Analyzing data from three clinical trials, scientists have shown that excessive inflammation is a much stronger predictor of cardiovascular and all-cause mortality in patients on statins than excessive LDL cholesterol levels. These findings can upend the current standard of care for such patients .
The two types of risk
Statins, drugs that lower the levels of low-density lipoprotein (LDL), aka “bad cholesterol”, are doing a great job in reducing cardiovascular mortality . However, in some people, LDL levels remain higher than the norm despite statin therapy, which elevates cardiovascular risk. Patients on statins are also more vulnerable if their inflammation levels are high. The former condition is known as residual cholesterol risk (RCR), and the latter as residual inflammatory risk (RIR) .
What was not known until now is each one’s exact contribution to mortality, which can be crucial in a choice of adjunctive cardiovascular therapy. According to a new paper published in the Lancet, RIR is the much more important factor.
Three different trials
The researchers analyzed data from three statin clinical trials – PROMINENT, REDUCE-IT, and STRENGTH. Participants were divided into four groups – those with neither RCR nor RIR, those with RCR only, those with RIR only, and those with both. This analysis was adjusted for multiple potential confounders, including age, gender, smoking status, BMI, blood pressure, and previous history of cardiovascular disease.
Blood levels of LDL-cholesterol and high-sensitivity C-reactive protein (hs-CRP), a measure of inflammation, were grouped into quartiles, with quartile limits being largely similar across all three studies. One of the studies included only people with diabetes, while in two others, diabetes patients constituted a majority. The mean BMI of all three studies’ participants was about 32.
CRP is the key
In all three trials, baseline CRP proved to be a significant predictor of mortality. The average fully adjusted hazard ratio for the highest vs the lowest CRP quartile was 1.31 for major cardiovascular events, 2.68 for cardiovascular mortality, and 2.42 for all-cause mortality. A hazard ratio measures how much more likely an event is to happen; an HR of 2.68 indicates an almost three-fold increase in likelihood.
The contribution of higher LDL cholesterol was much more modest. In combined data, it was statistically significant only for cardiovascular mortality (HR = 1.27) and all-cause mortality (HR = 1.16) at the highest quartile. Conversely, for CRP, the combined trial data was highly significant in all scenarios, except for cardiovascular events for the second quartile.
The danger of inflammation
According to Paul Ridker, MD, a preventive cardiologist at Brigham and Women’s Hospital and the study’s corresponding author, “the new data should be a wake-up call for preventive cardiologists and their patients.”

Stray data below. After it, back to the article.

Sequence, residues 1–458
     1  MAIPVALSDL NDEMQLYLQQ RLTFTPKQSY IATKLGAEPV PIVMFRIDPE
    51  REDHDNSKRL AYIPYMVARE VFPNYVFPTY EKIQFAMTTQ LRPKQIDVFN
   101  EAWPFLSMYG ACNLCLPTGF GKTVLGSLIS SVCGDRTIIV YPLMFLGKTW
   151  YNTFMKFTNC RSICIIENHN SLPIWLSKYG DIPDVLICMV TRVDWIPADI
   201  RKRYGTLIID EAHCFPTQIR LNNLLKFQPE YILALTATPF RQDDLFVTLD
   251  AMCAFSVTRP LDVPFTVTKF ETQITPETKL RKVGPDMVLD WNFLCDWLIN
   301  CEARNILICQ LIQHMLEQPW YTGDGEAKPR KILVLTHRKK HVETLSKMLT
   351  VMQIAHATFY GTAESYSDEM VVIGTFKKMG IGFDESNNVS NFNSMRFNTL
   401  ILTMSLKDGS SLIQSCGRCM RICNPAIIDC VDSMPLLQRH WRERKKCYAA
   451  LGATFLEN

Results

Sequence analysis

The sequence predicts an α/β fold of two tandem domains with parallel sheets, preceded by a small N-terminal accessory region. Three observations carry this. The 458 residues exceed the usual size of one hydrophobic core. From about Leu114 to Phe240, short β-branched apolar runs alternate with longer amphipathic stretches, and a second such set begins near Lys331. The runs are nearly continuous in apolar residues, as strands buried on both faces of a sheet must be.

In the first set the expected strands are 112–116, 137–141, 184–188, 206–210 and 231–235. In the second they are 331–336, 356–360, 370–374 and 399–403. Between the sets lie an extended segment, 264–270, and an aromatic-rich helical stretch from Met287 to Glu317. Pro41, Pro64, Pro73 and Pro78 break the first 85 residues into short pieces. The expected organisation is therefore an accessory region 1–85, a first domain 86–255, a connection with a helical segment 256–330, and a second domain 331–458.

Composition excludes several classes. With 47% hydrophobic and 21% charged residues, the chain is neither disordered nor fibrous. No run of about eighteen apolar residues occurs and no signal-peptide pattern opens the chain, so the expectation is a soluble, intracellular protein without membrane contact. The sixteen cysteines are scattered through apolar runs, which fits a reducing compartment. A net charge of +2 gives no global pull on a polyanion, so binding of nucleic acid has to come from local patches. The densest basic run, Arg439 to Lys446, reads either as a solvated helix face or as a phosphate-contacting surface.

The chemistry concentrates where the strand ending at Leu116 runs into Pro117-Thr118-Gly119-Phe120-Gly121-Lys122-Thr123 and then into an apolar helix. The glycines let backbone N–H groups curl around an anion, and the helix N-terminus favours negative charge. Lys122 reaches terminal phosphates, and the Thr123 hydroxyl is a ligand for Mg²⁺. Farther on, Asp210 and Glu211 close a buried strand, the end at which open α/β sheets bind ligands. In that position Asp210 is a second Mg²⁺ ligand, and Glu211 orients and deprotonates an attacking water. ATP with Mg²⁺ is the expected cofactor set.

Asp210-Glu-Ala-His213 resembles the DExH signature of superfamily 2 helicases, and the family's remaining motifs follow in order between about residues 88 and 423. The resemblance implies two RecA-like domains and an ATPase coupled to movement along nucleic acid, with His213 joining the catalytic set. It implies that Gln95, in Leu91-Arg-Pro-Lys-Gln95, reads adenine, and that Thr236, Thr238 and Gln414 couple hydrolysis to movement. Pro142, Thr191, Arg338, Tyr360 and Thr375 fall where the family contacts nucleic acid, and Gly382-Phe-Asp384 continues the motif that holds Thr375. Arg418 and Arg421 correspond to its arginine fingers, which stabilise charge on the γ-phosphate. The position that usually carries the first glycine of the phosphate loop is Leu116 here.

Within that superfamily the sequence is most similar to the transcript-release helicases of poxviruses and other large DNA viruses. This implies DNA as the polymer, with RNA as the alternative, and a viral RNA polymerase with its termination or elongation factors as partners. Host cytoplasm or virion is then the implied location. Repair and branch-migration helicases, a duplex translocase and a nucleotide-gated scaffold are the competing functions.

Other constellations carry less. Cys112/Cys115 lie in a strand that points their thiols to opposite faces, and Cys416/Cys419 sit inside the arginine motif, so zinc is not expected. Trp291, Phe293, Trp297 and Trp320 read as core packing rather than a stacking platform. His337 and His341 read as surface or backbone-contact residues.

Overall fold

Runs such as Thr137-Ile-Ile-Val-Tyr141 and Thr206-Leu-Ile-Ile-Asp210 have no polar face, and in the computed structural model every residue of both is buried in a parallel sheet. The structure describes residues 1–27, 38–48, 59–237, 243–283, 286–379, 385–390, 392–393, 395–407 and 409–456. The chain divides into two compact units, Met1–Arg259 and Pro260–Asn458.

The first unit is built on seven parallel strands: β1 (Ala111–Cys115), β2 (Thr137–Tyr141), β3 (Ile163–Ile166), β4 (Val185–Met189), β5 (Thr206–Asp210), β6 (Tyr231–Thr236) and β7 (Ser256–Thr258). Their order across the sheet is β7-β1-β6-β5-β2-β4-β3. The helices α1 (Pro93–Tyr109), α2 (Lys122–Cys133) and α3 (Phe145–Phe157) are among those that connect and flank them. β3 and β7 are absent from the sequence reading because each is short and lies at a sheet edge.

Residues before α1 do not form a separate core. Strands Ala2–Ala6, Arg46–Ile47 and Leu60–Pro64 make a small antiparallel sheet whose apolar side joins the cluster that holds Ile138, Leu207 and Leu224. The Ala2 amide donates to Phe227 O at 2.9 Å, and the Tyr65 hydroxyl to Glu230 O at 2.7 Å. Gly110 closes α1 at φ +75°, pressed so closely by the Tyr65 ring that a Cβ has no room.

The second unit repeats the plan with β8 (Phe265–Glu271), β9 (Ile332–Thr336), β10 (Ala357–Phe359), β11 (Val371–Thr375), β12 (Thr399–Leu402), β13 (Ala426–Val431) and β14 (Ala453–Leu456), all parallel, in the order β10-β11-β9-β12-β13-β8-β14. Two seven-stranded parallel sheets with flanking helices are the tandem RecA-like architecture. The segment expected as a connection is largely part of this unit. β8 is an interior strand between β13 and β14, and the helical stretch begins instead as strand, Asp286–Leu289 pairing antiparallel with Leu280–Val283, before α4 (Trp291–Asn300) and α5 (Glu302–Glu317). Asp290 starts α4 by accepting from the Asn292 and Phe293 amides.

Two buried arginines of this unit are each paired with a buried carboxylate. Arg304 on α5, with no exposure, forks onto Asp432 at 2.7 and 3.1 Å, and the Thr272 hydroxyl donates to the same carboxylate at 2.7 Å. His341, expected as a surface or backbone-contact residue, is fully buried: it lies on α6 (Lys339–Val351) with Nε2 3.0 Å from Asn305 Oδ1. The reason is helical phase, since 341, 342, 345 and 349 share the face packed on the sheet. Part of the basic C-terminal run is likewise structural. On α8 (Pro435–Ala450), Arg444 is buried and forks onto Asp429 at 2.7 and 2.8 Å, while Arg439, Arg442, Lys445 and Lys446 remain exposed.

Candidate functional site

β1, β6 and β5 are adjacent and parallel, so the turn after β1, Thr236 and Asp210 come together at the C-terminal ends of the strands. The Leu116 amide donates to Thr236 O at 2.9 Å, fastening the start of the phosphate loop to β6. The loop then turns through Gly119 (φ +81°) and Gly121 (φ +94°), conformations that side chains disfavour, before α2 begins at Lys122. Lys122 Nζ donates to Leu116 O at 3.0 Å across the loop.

“Virtually all patients with or at risk for atherosclerotic disease are appropriately treated with aggressive statin therapy”, Ridker said. “Yet, in our study of patients already taking a statin, hsCRP – a measure of residual inflammatory risk – was a more powerful determinant of having a future heart attack or dying from cardiovascular disease than was LDL – cholesterol – a measure of residual cholesterol risk. The data are a powerful demonstration that to beat heart disease, we need to lower both cholesterol and inflammation, not just cholesterol alone.”
While several clinical trials have found that inhibiting inflammation reduces cardiovascular risks, the uptake of anti-inflammatory therapy in daily practice has been slow. One particular anti-inflammatory drug the paper mentions is colchicine. Although two large, randomized trials showed that colchicine reduces cardiovascular event rates at least on par with much more expensive cholesterol-lowering medications , it is still not widely used in this context.
This study constitutes an important addition to previous research that has highlighted inflammation as a major factor in atherosclerosis. The results strongly suggest that in high-risk patients who already receive statin therapy, cardiologists should strive to reduce excessive inflammation as opposed to excessive LDL levels. Apart from the obvious implications for the current standard of care in atherosclerosis, the study also adds to our growing understanding of how inflammation impacts various aspects of aging.
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 Ridker, P. M., Bhatt, D. L., Pradhan, A. D., Glynn, R. J., MacFadyen, J. G., & Nissen, S. E. (2023). Inflammation and cholesterol as predictors of cardiovascular events among patients receiving statin therapy: a collaborative analysis of three randomised trials. The Lancet.
 Bots, S. H., Onland-Moret, N. C., Jancev, M., Hollander, M., Tulevski, I. I., Hofstra, L., … & den Ruijter, H. M. (2022). Statins are associated with a large reduction in all-cause mortality in women from a cardiac outpatient population. Open Heart, 9(1), e001900.
 Kalkman, D. N., Aquino, M., Claessen, B. E., Baber, U., Guedeney, P., Sorrentino, S., … & Mehran, R. (2018). Residual inflammatory risk and the impact on clinical outcomes in patients after percutaneous coronary interventions. European heart journal, 39(46), 4101-4108.
 Fiolet, A. T., Opstal, T. S., Mosterd, A., Eikelboom, J. W., Jolly, S. S., Keech, A. C., … & Cornel, J. H. (2021). Efficacy and safety of low-dose colchicine in patients with coronary disease: a systematic review and meta-analysis of randomized trials. European heart journal, 42(28), 2765-2775.
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